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honored: Dale Freeman speaks to a crowd after learning Springwood was naming its Fine Arts building after him. — Contributed Photo

Springwood names center after educators

LANETT — There were few dry eyes inside Springwood School’s Fine Arts Center Wednesday morning. Students, staff, alumni and former teachers dating back to the 1970s came to pay tribute to former teacher Dale Freeman, who had to give up his classroom duties due to health reasons on April 4. He’s been diagnosed with cancer, and his doctors thought it was time for him to rest. Freeman is 82 years old and has been a classroom teacher for 57 years, 37 of which have been at Springwood.

It was a very emotional day for a lot of people, and Freeman held up rather well until an announcement was made toward the end of the program that the Fine Arts Center was being renamed in honor of him and his beloved wife Bianca. As two students held a banner proclaiming “The Dale and Bianca Freeman Fine Arts Center,” he couldn’t hold it in anymore and wept into a handkerchief, not so much that it was being done for him but that it was being done for Bianca.

When Freeman was being inducted into the AISA Hall of Fame two years ago, he said that 75 percent of the award belonged to her. Like Dale, Mrs. Freeman was a long-time, and much beloved, teacher at Springwood. Sadly, she had to give up teaching after having had a brain aneurysm in 1996. Dale has remained the devoted husband since then and reads to her every day. Bianca has been cared for at home since her health setback by Dale and his sister, Betty Grant, a retired nurse.

The program emcee, long-time Springwood teacher Warren Nolan, said the program had been the most meaningful and beautiful moment of his career.

“It was an honor just to be a part of the program,” said Springwood Headmaster Rick Johnson. “When word got out that we were going to honor Mr. Freeman, former teachers and alumni from throughout the Southeast made plans to be here. It was a very memorable day. Everyone in the program spoke highly of him. Hundreds of people were here. We filled up the building.”

Freeman could be described as a gentleman scholar. He set high standards for his students. At times, those standards were seemingly unreachable for them, but he had a way of motivating them to keep trying. Most of the time they would measure up in the long run.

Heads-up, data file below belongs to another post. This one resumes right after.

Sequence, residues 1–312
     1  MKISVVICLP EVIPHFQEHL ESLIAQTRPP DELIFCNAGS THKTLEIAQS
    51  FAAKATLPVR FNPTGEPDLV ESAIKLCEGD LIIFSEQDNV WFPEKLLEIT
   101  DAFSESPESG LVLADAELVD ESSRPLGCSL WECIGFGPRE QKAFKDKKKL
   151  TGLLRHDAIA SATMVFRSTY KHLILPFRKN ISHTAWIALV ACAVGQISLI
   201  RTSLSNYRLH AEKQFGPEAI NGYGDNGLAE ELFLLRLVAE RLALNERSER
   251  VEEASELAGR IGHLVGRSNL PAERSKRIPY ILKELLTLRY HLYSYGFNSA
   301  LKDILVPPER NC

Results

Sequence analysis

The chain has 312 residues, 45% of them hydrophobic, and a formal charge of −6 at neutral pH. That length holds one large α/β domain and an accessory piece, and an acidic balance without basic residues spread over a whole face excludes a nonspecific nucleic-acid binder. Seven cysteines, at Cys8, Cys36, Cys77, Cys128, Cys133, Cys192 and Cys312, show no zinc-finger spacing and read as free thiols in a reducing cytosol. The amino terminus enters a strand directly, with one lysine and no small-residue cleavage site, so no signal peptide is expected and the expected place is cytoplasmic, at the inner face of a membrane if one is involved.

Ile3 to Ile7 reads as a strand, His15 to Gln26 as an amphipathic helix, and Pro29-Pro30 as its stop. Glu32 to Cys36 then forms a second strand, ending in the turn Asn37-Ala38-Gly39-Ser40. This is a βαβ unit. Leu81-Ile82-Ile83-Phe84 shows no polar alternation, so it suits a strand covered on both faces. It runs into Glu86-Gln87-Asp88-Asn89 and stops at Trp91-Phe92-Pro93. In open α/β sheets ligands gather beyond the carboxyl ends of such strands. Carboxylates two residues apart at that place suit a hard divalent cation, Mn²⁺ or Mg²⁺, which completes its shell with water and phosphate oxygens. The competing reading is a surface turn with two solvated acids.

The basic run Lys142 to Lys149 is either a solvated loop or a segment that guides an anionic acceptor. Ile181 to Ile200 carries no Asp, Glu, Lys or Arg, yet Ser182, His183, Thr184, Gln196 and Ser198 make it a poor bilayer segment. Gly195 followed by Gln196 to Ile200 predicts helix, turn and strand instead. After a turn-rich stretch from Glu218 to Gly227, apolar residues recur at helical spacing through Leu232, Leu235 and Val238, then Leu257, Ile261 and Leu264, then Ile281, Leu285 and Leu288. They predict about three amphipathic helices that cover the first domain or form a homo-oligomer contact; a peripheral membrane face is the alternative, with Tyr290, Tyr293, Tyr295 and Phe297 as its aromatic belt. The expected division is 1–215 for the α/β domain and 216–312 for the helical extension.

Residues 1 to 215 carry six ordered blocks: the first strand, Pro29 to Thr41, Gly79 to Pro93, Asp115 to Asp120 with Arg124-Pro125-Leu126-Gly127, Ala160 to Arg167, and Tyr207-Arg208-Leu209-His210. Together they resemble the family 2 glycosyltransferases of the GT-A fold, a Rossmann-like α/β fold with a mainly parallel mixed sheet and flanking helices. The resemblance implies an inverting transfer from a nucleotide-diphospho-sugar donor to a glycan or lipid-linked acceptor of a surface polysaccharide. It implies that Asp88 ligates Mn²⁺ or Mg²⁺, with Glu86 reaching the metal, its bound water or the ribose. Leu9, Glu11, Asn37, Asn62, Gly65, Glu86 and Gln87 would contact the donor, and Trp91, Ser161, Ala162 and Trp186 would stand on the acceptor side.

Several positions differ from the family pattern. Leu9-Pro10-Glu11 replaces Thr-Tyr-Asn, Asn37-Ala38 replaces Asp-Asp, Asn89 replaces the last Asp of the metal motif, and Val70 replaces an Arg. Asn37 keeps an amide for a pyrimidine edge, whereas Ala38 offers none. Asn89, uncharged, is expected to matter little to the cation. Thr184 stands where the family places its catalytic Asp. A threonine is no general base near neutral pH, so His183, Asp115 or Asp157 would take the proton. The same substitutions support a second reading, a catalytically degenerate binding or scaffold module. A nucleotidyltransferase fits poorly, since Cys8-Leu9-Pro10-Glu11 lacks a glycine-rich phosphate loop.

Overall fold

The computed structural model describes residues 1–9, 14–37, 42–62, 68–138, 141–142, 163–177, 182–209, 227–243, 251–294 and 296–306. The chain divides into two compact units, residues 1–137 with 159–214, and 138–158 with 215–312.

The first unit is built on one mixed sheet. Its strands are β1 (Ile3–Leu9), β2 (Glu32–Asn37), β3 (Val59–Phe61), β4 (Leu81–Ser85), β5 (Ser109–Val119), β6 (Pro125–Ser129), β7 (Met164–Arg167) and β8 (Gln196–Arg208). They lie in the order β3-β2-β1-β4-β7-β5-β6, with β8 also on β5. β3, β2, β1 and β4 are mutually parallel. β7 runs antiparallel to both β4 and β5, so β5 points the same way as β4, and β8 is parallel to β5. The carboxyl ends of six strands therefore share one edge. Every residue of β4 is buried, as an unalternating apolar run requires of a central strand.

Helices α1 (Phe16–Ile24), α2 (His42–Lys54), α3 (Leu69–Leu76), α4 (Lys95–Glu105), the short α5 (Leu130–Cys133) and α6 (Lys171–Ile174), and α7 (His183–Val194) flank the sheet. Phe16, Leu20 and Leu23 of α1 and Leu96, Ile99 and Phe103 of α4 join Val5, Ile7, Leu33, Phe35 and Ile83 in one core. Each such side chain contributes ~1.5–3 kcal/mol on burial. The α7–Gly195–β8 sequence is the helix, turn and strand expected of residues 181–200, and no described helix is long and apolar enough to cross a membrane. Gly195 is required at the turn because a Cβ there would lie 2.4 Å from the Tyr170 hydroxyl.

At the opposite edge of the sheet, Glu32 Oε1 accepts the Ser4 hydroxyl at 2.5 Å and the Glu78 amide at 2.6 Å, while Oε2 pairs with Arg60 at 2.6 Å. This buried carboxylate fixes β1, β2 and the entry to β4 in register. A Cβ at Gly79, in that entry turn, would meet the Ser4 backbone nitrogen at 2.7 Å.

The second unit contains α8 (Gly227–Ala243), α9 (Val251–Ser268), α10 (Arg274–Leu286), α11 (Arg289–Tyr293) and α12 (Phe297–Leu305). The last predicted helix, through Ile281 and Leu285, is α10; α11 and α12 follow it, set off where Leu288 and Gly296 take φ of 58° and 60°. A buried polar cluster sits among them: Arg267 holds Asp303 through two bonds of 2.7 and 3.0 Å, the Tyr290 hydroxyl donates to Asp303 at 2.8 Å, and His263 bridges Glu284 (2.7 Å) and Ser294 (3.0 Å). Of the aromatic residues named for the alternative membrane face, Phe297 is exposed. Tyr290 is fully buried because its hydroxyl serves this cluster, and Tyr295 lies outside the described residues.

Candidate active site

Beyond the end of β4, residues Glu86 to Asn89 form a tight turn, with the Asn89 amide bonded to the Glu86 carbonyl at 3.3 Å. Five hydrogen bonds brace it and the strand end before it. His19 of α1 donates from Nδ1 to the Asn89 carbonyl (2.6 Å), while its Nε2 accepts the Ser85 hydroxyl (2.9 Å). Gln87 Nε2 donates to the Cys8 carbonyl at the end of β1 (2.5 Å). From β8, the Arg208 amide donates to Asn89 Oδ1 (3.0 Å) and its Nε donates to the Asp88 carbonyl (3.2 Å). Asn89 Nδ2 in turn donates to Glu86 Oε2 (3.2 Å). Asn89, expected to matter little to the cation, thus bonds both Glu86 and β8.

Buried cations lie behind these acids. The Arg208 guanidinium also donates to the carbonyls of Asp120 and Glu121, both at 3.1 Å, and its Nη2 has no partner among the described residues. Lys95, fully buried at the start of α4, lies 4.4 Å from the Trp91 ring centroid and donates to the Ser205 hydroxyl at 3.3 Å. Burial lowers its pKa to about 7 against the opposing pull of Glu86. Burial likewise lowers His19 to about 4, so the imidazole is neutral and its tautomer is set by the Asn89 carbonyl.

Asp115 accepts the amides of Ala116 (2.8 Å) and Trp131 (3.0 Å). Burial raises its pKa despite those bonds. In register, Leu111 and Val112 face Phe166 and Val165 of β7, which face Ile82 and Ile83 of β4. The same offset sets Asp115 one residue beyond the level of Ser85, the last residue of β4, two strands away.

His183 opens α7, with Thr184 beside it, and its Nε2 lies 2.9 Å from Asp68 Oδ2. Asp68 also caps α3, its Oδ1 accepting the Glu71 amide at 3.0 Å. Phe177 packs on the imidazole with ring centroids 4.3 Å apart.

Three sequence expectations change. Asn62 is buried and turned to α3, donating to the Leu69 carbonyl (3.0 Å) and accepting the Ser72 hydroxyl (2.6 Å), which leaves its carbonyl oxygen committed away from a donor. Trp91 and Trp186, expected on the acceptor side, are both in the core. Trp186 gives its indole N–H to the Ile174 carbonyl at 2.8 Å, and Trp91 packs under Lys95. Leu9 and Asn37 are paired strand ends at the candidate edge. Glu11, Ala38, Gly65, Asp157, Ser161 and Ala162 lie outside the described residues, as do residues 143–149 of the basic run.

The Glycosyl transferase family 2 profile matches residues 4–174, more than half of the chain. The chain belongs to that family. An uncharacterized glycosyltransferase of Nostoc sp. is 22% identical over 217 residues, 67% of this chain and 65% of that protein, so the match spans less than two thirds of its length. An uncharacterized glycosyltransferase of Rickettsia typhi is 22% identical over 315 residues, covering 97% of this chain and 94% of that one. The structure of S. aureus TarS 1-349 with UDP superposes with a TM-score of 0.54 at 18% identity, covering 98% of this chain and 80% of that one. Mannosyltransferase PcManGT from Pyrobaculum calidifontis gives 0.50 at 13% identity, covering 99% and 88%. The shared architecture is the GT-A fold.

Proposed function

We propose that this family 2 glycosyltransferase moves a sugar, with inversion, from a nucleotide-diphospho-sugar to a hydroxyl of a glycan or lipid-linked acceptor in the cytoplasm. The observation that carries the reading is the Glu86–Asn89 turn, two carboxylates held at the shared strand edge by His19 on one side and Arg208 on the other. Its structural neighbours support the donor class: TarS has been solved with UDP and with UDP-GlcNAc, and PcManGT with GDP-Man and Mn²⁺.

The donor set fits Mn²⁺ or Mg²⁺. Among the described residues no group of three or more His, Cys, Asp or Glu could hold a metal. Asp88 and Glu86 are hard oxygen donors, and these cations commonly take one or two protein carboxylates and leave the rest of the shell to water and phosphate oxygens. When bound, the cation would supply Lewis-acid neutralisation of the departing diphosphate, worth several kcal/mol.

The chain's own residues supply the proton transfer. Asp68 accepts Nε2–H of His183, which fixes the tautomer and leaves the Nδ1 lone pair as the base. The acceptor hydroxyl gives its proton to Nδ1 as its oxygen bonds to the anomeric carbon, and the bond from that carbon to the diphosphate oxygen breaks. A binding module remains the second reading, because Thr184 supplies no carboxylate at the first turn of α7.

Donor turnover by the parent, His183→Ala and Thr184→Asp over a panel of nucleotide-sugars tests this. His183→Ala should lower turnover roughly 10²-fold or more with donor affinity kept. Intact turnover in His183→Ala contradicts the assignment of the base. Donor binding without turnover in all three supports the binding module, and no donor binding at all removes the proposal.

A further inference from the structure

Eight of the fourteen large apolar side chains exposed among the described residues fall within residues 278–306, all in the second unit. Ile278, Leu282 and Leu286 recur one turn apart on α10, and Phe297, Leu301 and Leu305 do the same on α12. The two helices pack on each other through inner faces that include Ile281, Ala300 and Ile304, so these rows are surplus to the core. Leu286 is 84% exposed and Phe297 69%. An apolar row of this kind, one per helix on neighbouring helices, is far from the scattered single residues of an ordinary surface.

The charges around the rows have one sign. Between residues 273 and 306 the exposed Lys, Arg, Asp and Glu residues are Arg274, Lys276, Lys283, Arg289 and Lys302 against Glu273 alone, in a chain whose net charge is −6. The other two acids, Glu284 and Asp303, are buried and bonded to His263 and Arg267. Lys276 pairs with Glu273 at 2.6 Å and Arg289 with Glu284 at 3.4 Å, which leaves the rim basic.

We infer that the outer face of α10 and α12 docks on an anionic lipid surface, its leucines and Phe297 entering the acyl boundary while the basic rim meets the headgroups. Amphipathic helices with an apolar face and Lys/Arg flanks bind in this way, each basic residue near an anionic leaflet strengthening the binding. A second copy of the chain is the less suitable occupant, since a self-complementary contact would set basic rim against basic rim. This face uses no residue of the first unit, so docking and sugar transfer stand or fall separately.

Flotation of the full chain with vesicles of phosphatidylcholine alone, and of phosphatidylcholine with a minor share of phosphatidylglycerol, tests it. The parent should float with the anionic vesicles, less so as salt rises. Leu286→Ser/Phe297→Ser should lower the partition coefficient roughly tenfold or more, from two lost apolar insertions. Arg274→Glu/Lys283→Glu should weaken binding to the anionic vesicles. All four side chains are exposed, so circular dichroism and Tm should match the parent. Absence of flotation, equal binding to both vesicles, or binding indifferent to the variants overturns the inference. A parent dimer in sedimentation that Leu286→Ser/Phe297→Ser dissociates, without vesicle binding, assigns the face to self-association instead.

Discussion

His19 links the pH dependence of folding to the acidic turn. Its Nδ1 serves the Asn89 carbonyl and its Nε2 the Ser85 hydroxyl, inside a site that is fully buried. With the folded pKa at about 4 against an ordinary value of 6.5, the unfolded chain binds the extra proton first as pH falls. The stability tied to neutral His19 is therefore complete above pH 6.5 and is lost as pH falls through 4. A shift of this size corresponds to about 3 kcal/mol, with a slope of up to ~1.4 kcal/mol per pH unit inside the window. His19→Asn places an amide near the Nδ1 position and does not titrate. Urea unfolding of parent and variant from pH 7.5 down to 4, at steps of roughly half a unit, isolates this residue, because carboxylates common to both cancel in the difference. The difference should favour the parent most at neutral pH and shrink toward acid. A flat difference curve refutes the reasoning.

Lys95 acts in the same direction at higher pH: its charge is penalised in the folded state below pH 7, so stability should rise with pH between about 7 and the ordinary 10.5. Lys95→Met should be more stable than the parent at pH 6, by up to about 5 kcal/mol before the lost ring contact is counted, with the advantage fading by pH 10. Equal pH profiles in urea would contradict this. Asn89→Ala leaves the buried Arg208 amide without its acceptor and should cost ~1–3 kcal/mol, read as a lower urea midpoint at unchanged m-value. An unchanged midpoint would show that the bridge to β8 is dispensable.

“Dale is a professional in every sense of the word,” Johnson said. “He is as dedicated and committed a person to excellence you will ever find. He is one of the very rare kind of guys who is tops in his field. This was an amazing day. So many people came back to witness it and to talk afterwards to Mr. Freeman. The program lasted about 30 minutes, but he remained afterward for at least an hour-and-a-half, shaking hands, receiving congratulations and visiting with former students he hadn’t seen in years.”

A native of Winston-Salem, North Carolina, Freeman is a 1960 graduate of Appalachian State University. He worked at CBS-TV in New York City before being drafted into the U.S. Army in 1962. While in the Army, Dale was an instructor in the Southeastern Signal Corps School at Fort Gordon, Georgia. He later worked as a cryptographer with top-secret clearance at the Eighth Army Communications Center in Seoul, South Korea.

After military service, Freeman taught school in North Carolina and Florida before returning to ASU to earn his M.A. in English. He would later earn a doctorate at the University of Tennessee. In the late 1970s and early 1980s, Dale and young wife Bianca were managers and buyers for book store chains.

They were doing well but realized that teaching had been their calling. After a job search, they both accepted positions at Springwood School.

In a 37-year career at the school, Dale has taught speech and Honors and Advanced Placement English. A total of 60 of his drama students won individual championships in AISA competition. He’s also coached basketball and tennis. In eight years of coaching tennis, Dale led both girls and boys teams to district titles. At the state level, his girls teams won three AISA state championships. He was twice named the AISA Secondary Teacher of the Year.

While at Springwood, Dale has been the recipient of two National Endowment of the Humanities fellowships, one at Auburn University and the other at the University of North Carolina-Asheville.

Throughout his adult life, Dale has been an avid supporter of community theater. He has portrayed such roles as Tom in “The Glass Menagerie,” Dr. Copelius in “Copelia,” Joey in “Pal Joey,” El Gallo in “The Fantasticks,” Fagan in “Oliver!” and Alex in “The Nerd.”

For many years, Freeman served on the advisory board for Lanier Home Health and for 14 years he and Bianca were adjunct faculty members at Southern Union State Community College.

Dale and Bianca have been married for more than 50 years now. He says that she is his inspiration and the best friend he’s ever had.

One of the more moving portions of Wednesday’s program took place when the 19 students in this year’s Honors Class formed a line with each one shaking his hand and telling the audience what’s they’d learned in his class this year before he had to give up teaching.

Those  students included J.P. Moore, Courtney Easlick, Chandler Dykes, Kannon Key, Meredith Woodham, Amber Franklin, William Andrews, Lucy Spivey, Jack Brown, Andie Martin, Jay Davidson, Charles Cowart, Emily Drake, Olivia Johnson, Sofia Shrewsbury, Meghan Tranqui, Ashton Westbrook and Coleman Hull.

Speaking to the crowd during the program were two members of the Springwood Class of 1985, Tracy Martin and Drew Ferguson, who’s today a U.S. Congressman. Both spoke glowingly of what it was like to be in Freeman’s classroom.